Monday, June 24, 2024
HomeCommunityThe Long Way Home

The Long Way Home

For nearly 60 years, the television soap op­era Days of Our Lives has been a staple of our screens. Its iconic opening sequence, featur­ing an hourglass and the phrase ‘Like sands through the hourglass, so are the days of our lives,’ has become synonymous with the show. Originally airing on NBC in 1965, the show concluded its run in 2022. The story didn’t end there. New episodes are now exclusively avail­able on NBC’s Peacock streaming service.

The show is set in a fictional city called Sa­lem, IL. There is an honest Salem, IL, and I’ve been there. It was the headquarters of one of the last trucking companies I worked for be­fore my latest attempt at retiring. I don’t recall any bragging in Salem that it was the name­sake for a long-running soap opera.

But enough about that.

The hourglass and accompanying phrases remind us that the characters and our lives are steadily slipping away.

To supplement our fixed income, I do some freelance writing. I’m also a certified and paid aquatic invasive species inspector, but the in­come and the inspections are seasonal, so I stay on the keyboard as much as possible.

I spent too much time pondering the past twenty years earlier this month.

Freelance writing assignments come from editors willing to pay (my motivation) to get the story they want. So last month, when a magazine editor invited me to prepare an arti­cle about the changes on the North Shore since 2014, I said yes, with gratitude and commitment. Thus, the time spent pondering.

Some researchers use a 20-year window as a starting point to define a generation. This is be­cause it reflects the gap between when parents have children and when those children become adults. I’d never thought of it that way until I re­alized that four of the five grandchildren that bless us are either sniffing or past the two-decade mark. The other, Dorothy, just finished kindergarten.

Before the grandchildren were born, our children were a generation. As we turn 70 this summer, the bohunk and I have slogged through three and a half generations.

See what pondering the last two decades can lead to? It gets you pacing the cage.

“Pacing the Cage” is a moving song written by Bruce Cockburn. The lyrics may seem a bit depressing, but they speak to me. “Sometimes it feels like you’ve lived too long. The days drip slowly on the page. Sooner or later, you wind up pacing the cage.”

Returning to the North Shore more than half a decade ago, the Bohunk and I see a new gener­ation making its way into a popular retirement community and impacting the area. Kids who came of age at the change in the millennium have raised a new generation, and if I’m being honest, I delight in watching them move into the world while I’m pacing the cage.

I remember the “educational” movie Reefer Madness and the powers that were shown to scare us in high school. It was not as scary as the prospect of going to Vietnam, but it made me think about whether I should inhale or not.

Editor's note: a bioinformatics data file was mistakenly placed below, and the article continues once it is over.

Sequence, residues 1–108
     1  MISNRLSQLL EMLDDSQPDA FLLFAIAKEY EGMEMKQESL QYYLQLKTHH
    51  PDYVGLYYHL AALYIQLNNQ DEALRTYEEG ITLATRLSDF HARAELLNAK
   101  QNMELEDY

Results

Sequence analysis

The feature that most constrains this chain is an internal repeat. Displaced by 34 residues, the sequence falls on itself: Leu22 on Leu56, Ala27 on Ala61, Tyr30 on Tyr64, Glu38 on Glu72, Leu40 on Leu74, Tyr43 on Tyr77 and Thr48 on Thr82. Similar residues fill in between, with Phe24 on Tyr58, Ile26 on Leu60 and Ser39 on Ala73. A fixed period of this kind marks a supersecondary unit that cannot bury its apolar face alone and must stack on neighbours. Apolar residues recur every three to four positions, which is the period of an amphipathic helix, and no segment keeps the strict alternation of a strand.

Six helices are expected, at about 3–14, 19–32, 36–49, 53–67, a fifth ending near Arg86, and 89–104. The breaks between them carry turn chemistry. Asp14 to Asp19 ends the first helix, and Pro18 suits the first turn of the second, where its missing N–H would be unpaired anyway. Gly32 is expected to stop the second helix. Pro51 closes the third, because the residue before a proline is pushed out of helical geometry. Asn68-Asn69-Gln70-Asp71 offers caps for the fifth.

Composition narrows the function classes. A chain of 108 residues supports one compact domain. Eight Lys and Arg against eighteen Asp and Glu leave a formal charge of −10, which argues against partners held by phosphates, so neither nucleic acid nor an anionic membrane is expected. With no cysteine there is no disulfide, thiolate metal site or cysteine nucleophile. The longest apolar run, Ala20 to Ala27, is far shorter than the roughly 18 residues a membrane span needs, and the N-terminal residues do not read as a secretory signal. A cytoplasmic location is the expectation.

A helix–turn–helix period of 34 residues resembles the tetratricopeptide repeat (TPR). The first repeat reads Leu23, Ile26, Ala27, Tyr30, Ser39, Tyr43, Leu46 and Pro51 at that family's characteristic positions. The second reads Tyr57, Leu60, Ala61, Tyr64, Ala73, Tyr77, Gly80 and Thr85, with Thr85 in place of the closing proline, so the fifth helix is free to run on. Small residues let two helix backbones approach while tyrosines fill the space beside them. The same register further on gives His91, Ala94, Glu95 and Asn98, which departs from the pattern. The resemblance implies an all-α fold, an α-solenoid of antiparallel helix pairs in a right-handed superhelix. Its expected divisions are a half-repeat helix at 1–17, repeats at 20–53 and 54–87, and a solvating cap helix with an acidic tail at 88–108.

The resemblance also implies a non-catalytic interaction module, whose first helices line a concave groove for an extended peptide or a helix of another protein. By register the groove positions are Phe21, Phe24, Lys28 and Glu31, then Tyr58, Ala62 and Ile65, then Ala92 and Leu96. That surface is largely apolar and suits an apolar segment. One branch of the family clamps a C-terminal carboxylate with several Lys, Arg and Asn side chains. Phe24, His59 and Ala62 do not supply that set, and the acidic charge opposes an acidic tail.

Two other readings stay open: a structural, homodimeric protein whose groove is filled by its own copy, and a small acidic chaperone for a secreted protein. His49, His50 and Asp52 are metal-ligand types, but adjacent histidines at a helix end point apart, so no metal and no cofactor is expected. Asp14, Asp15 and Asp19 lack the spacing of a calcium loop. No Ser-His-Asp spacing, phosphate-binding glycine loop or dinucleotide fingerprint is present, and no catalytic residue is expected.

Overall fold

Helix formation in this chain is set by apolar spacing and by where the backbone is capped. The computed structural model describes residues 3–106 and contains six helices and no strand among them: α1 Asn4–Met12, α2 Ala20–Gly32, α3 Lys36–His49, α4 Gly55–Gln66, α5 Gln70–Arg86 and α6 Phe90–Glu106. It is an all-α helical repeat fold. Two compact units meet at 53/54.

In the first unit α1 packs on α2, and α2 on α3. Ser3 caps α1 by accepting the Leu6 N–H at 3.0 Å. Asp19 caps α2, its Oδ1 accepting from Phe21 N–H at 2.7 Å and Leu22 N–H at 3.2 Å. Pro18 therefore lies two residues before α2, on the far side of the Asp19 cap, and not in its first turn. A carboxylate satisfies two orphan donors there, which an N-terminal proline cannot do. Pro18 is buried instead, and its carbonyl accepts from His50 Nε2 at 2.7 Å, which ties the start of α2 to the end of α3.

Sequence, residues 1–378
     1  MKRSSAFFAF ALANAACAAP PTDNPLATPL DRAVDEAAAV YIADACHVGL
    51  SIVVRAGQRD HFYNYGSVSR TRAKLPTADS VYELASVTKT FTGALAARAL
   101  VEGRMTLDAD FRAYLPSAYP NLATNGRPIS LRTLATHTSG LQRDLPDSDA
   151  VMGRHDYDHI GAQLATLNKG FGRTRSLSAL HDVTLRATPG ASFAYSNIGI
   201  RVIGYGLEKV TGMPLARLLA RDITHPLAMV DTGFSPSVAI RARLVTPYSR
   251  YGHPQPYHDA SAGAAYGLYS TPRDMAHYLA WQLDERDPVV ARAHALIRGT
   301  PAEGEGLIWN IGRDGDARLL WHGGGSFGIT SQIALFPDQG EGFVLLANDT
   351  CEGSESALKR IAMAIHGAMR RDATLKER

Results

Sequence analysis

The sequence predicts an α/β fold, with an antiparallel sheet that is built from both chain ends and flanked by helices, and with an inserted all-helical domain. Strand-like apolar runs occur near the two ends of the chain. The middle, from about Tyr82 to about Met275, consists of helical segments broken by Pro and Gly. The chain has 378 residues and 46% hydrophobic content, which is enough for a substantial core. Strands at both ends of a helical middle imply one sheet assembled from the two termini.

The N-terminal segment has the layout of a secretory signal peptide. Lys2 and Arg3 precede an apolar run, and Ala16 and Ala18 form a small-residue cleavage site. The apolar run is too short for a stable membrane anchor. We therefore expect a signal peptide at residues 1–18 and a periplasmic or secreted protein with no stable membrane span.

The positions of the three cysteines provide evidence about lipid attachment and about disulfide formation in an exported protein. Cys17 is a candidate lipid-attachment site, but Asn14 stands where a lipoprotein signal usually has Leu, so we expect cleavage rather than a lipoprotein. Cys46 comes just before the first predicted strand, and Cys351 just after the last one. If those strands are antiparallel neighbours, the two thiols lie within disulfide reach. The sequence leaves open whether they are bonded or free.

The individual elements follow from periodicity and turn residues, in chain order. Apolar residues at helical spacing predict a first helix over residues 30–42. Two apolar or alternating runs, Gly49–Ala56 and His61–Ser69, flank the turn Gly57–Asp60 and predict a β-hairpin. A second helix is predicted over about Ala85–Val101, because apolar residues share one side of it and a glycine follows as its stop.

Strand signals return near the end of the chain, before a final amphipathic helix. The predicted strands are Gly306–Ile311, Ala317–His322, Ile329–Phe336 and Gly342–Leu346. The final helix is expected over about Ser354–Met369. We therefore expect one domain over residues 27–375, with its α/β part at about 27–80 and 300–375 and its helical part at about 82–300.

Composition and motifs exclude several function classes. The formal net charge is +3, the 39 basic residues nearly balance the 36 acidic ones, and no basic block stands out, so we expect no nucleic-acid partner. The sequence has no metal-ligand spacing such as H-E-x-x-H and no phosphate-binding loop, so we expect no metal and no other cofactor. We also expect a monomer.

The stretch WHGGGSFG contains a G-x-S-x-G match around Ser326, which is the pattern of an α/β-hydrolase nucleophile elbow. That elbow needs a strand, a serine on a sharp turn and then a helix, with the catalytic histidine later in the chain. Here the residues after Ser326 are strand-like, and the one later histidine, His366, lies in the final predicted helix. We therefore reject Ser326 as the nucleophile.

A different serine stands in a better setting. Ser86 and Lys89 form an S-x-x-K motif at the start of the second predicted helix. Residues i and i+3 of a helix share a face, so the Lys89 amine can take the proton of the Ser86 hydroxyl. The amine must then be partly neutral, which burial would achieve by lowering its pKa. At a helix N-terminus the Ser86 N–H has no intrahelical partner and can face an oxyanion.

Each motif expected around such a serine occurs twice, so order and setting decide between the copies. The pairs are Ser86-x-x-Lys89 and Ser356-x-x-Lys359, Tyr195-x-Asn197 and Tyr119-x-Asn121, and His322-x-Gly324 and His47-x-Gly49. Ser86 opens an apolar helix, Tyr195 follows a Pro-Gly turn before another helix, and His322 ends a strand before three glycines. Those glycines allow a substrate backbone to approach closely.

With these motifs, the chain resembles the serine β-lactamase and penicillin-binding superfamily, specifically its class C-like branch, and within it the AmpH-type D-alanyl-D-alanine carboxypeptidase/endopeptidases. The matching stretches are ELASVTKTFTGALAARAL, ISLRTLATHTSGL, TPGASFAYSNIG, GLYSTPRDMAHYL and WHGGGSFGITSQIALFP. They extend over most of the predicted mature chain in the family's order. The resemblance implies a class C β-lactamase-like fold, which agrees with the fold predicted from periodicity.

I recently read that daily pot consumption exceeds daily alcohol consumption in our great republic. So much for reefer madness.

Sometimes, the sadness of seeing some of the changes that new generations, residents, and visitors bring can get overpowering here in the cage.

But with hope and optimism, tempered with knowledge and experience, I can beat back the sadness as I watch the brilliant kids I know, our grandkids and the children of friends and neighbors, begin tackling the challenges we’ve left unmet.

I even look forward to being at the boat land­ings, away from the cage, to inspect for inva­sive species and interact with a diverse group of people–locals and visitors. See you out there.

Steve Fernlund
Steve Fernlund
Typically these “about me” pages include a list of academic achievements (I have none) and positions held (I have had many, but who really cares about those?) So, in the words of the late Admiral James Stockwell, “Who am I? Why am I here?” I’m well into my seventh decade on this blue planet we call home. I’m a pretty successful husband, father, and grandfather, at least in my humble opinion. My progeny may disagree. We have four children and five grandchildren. I spent most of my professional life in the freight business. At the tender age of 40, early retirement beckoned and we moved to Grand Marais. A year after we got here, we bought and operated the Cook County News Herald, a weekly newspaper in Grand Marais. A sharp learning curve for a dumb freight broker to become a newspaper editor and publisher. By 1999 the News Herald was an acquisition target for a rapidly consolidating media market. We sold our businesses and “retired” again, buying a winter retreat in Nevada. In the fall of 2016, we returned to Grand Marais and bought a house from old friends of ours on the ridge overlooking Lake Superior. They were able to move closer to family and their Mexico winter home. And we came home to what we say is our last house. I’m a strong believer in the value of local newspapers--both online and those you can wrap a fish in. I write a weekly column and a couple of feature stories for the Northshore Journal. I’m most interested in writing about the everyday lives of local people and reporting on issues of importance to them.
- Advertisment -

Most Popular